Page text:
Demolition began Tuesday for the previous police headquarters in St. Petersburg.
St. Pete Officer Michael Weiskopf was the third Bay Area law enforcement officer to die due to COVID-19. At his funeral, Karen Weiskopf said her husband made a "risky decision" not to get vaccinated -- one he later regretted just before he died.
As healthcare workers and community leaders beg people to get the COVID-19 vaccine, the city of St. Petersburg is dealing with problems in its own house. Apparently, too many city workers in fire rescue and city police aren’t getting the shot, and when they get sick, the staffing shortages are noticeable.
Law enforcement agencies, residents, prosecutors, and advocates across the Tampa Bay area came together Tuesday night to discuss criminal justice reform including civil citation programs, Florida's anti-riot law, and communication between law enforcement and residents.
A St. Petersburg officer who received a Medal of Valor and was named Officer of the Year in 2011 retired Wednesday after 32 years of service.
The first 100 days are in for the new social worker response program with the St. Petersburg Police Department, the chief of police reported Thursday. It’s part of an effort to shift more mental health and social service calls from police to the experts, and Chief Anthony Holloway said officers and social workers currently go out on calls together.
St. Petersburg city councilors unanimously approved a contract on Thursday with Gulf Coast Jewish Family and Community Services to deploy social workers on nonviolent, noncriminal 911 calls for service.
The St. Petersburg Police Department said last week's shootout wasn't the first time an undercover officer was shot in the line of duty.
The Tampa Bay Human Trafficking Task Force is launching a mobile app to help locate victims and catch suspects.
The cities of Tampa and St. Petersburg will be changing how their police departments respond to certain 911 calls. If someone is having a mental health breakdown, a social worker will soon respond along with an officer.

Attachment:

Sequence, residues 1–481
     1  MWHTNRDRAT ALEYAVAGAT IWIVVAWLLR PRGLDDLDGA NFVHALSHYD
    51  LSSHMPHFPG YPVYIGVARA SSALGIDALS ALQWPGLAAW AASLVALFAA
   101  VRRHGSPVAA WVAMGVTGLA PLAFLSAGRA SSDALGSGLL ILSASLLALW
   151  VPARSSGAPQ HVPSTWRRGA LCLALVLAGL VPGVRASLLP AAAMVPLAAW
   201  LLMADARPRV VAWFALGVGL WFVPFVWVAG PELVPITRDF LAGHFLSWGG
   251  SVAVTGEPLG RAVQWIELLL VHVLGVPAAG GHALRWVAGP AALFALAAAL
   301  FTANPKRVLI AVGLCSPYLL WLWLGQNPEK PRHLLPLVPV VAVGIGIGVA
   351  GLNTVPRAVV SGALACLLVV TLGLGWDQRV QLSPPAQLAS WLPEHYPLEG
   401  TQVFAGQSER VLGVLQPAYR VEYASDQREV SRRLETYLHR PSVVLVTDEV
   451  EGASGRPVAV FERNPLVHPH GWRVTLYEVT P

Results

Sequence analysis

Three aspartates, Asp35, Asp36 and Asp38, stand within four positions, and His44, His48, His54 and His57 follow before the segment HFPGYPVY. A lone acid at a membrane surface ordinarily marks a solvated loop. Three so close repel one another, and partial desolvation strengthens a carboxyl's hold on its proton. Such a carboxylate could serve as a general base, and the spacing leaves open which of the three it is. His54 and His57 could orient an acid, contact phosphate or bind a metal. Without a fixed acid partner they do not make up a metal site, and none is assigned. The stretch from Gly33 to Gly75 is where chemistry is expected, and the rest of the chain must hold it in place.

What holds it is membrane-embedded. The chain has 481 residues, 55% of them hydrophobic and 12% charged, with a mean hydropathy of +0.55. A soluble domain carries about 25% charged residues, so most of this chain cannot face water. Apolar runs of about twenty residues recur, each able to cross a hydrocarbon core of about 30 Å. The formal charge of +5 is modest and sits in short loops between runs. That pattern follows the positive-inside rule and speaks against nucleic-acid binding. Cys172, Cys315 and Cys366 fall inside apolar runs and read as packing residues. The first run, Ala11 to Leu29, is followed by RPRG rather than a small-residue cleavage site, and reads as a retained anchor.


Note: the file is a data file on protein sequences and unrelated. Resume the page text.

Critical decisions can be the difference between life and death during a mental health emergency, and police officers often end up responding to those calls.
St. Petersburg police said in July that the city had set aside $3.8 million to hire 25 additional police officers, but instead the department would hire social workers and other trained professionals who could respond to calls for help that did not involve violence.
Multiple law enforcement agencies in the bay area are taking steps to become more transparent by launching pilot programs or purchasing body cameras for officers.
With St. Petersburg police announcing Thursday it will change the way it responds to certain 911 calls, community members say it’s a good first step toward change in policing.
St. Pete’s chief of police says his officers will begin enforcing pedestrian traffic rules following complaints about protesters blocking traffic and emergency vehicles.
Tampa Police Chief Brian Dugan puts it bluntly while talking about the state of morale within his agency. “It’s a bit of a dumpster fire."
The Tampa, Clearwater, and St. Petersburg police departments say their policies are sufficient but are reminding officers of the rules. Sarasota PD banned choke-holds. But for the most part, Bay Area law enforcement are only making small changes in response to big outcry for reform.
In the two weeks since George Floyd’s death, there has been a growing movement calling for real, positive changes at local police departments to address racism and brutality.
After a day of trying to convince demonstrators that unity was the key to moving forward, St. Petersburg police brought out the riot gear and lined up to block protesters outside their headquarters.
St. Petersburg Police Chief Anthony Holloway demonstrated Tuesday the new body-worn cameras he and four other officers will be testing over the next several weeks.